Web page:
Although the city has only two remaining inclines, the
Fineview Citizens Council
is in the process of preserving and celebrating what remains of that neighborhood’s former funicular. But the neighborhood group won’t be restoring transit service up the hill. Instead, they plan to use the remains of the Nunnery Hill Incline’s retaining wall and base station as a well-marked gateway to the hilltop community.
The Henderson Street Gateway Project will work to preserve the incline’s remnants, improve the entry point into Fineview, and create a unified streetscape, as well as provide improvements to the historic iron fencing on the street’s south side.
Ed Lewis, program manager of the FCC, says the council wanted to have a consistent plan and strategy for improving the entire street.
“This is the first impression people get of [Fineview], and it will be more a welcoming and inviting entryway into the neighborhood,” Lewis says.
Henderson Street intersects the Central Northside at the $15 million Federal Hill housing development, a project which is adding 60 new townhomes to the neighborhood. Lewis says his organization is hoping to built on the momentum of the Federal/North corridor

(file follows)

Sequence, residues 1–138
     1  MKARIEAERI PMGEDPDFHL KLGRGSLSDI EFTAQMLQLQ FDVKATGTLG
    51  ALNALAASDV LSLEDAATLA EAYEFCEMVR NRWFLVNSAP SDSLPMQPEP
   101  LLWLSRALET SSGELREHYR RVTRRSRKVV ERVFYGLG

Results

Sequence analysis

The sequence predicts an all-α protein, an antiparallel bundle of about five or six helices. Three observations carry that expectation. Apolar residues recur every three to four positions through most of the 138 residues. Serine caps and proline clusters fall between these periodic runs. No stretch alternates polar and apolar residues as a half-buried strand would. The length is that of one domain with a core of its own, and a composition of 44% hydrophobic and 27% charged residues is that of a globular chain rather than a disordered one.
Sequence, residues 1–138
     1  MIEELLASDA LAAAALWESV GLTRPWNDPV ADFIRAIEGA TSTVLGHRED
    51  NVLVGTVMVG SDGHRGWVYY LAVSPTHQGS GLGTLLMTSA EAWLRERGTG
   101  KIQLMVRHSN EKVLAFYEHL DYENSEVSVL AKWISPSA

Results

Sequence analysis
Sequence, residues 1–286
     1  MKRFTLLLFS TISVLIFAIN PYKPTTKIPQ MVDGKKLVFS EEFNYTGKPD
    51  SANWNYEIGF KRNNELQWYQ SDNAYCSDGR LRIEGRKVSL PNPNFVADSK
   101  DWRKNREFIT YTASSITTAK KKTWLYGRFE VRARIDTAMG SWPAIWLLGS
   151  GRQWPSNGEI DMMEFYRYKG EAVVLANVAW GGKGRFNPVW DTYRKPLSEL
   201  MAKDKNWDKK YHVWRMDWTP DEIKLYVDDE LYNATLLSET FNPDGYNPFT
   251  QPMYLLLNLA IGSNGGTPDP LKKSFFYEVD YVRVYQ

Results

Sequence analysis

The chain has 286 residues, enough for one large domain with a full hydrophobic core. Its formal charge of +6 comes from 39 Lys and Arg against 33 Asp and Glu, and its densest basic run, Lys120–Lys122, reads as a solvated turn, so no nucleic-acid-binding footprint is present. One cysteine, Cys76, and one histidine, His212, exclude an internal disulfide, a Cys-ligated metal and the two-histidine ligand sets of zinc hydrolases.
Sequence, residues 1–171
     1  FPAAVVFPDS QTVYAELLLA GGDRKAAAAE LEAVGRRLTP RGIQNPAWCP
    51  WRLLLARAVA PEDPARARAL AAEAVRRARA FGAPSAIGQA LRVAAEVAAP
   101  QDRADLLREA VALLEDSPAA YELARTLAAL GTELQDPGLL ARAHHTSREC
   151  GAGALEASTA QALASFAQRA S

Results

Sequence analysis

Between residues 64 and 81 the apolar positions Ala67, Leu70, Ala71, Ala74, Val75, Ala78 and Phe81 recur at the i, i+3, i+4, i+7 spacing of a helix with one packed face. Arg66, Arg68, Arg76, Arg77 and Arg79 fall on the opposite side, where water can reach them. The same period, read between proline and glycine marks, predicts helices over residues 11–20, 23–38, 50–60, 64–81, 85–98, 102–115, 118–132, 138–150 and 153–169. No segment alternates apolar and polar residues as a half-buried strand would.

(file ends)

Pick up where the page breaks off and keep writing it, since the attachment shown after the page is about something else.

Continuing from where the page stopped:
, which is now redeveloping after many years of planning.
Last year, the incline plane was designated a city historic site. The Nunnery Hill Incline was one of only a few that meandered up a hillside with a curving route, rather than shooting straight up
The design work is being led by Klavon Design Associates, and the project scope will start at the intersection of Federal Street and Henderson Street, and run approximately 2,000 feet, ascending the hill into the neighborhood.
A portion of the study’s funds were provided by the Community Design Center of Pittsburgh, as well as the Rivers Casino partnership with the Northside Leadership Conference, and a community development block grant from City Council members Darlene Harris and Daniel Lavelle.
Writer: Andrew Moore
Source: Ed Lewis